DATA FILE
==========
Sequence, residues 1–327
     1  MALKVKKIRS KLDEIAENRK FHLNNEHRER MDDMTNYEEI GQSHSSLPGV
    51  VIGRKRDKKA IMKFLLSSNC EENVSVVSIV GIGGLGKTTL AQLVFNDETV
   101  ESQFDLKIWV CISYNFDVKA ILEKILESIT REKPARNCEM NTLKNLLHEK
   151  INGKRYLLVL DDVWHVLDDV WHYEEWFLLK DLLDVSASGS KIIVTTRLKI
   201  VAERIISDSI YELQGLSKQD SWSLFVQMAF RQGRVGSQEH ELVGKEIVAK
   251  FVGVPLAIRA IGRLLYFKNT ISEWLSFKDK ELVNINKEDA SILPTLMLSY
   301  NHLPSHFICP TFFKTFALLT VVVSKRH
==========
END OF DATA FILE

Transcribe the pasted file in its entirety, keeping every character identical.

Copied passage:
Sequence, residues 1–327
     1  MALKVKKIRS KLDEIAENRK FHLNNEHRER MDDMTNYEEI GQSHSSLPGV
    51  VIGRKRDKKA IMKFLLSSNC EENVSVVSIV GIGGLGKTTL AQLVFNDETV
   101  ESQFDLKIWV CISYNFDVKA ILEKILESIT REKPARNCEM NTLKNLLHEK
   151  INGKRYLLVL DDVWHVLDDV WHYEEWFLLK DLLDVSASGS KIIVTTRLKI
   201  VAERIISDSI YELQGLSKQD SWSLFVQMAF RQGRVGSQEH ELVGKEIVAK
   251  FVGVPLAIRA IGRLLYFKNT ISEWLSFKDK ELVNINKEDA SILPTLMLSY
   301  NHLPSHFICP TFFKTFALLT VVVSKRH